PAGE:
Although it is possible that your organization has a different impression on what a business case is, the traditional description is a document that provides justification for a change. You can have business cases that are not related to a project effort because not all changes that need to be examined go through the rigor of a project lifecycle. However, that is an outlier condition in my experience. Most business cases are the fundamental first step in getting a project off the ground and facilitates formal change justification to senior leadership.
A business case shouldn't be a manifesto but a somewhat lean document that contains information important to those that are going to approve the change or the next step in a change process. For example, a business case may not have significant details regarding the costs of the change because that information comes later down the road.
Although the business case is an early project management core document, it may need to contain information that extends beyond the project. For example, an IT process that will be improved based upon the introduction of a new application. The ongoing support and maintenance of the new application will likely be valuable in a "go / no go" decision regarding the change. However, ongoing support happens after the project is completed, so it may not be something tracked in the project plan or schedule.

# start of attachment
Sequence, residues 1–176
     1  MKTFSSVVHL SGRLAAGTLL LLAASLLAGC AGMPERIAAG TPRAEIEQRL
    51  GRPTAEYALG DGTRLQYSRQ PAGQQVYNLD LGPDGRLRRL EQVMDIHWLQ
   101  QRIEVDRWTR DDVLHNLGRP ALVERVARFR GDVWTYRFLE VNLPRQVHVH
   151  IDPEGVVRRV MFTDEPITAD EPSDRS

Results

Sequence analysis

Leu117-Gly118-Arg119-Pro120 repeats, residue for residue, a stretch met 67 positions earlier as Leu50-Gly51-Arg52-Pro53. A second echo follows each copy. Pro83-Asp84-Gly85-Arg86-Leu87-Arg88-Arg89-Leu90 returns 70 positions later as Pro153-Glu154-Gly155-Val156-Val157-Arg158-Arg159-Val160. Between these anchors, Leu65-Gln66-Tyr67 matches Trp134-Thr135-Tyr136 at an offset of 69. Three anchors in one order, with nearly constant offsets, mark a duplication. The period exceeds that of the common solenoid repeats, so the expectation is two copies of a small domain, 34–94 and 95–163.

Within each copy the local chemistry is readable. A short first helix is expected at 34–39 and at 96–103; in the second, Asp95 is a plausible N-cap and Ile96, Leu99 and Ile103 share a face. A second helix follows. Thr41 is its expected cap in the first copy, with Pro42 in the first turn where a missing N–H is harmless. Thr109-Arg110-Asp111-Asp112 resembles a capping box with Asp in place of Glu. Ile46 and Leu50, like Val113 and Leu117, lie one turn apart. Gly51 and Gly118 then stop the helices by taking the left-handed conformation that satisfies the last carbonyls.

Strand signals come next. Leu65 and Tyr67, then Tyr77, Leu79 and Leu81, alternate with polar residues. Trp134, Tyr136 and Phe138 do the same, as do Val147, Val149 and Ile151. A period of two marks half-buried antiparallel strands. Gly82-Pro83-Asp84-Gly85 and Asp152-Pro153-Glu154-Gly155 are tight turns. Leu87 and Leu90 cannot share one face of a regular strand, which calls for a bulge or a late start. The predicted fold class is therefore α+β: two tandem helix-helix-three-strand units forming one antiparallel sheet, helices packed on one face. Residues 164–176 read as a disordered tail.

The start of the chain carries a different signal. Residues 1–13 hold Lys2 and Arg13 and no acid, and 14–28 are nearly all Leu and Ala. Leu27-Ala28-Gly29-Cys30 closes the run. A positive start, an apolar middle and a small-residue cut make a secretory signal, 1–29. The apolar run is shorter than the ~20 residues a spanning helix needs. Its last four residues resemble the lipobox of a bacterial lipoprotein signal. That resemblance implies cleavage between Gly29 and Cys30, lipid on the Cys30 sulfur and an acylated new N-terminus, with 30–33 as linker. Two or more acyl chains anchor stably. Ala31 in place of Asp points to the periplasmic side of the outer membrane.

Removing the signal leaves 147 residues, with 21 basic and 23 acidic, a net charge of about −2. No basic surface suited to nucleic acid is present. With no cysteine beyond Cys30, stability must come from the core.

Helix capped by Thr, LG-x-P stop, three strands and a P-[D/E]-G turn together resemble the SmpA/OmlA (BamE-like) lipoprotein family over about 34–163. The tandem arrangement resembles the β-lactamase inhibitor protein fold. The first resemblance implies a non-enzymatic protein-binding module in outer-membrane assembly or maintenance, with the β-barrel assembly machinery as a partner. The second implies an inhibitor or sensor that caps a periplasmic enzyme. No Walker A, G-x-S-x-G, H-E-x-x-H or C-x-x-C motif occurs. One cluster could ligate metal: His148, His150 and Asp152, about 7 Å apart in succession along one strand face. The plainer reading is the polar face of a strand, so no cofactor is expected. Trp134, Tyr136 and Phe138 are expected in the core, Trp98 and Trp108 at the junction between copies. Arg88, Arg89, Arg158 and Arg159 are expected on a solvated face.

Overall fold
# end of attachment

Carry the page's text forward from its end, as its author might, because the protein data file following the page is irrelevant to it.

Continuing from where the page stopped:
In short, a business case should try to communicate the benefits, costs and potential consequences of a change decision. This often comes in the form of describing the objectives of the endeavor and the impact it will have on the organization. That impact section can include information regarding the impact of making the decision to go ahead, postponing a decision or a decision to reject the change endeavor at this time.
What goes into a business case is a highly subjective decision. Again, I feel that it should be as lean as possible and then be expanded based upon the feedback of the decision makers that will rely upon it. The BABOK v3 sums it up quite nicely.
A business case is used to:
• define the need,
• determine the desired outcomes,
• assess constraints, assumptions, and risks, and
• recommend a solution.
© 2016 Dwayne Wright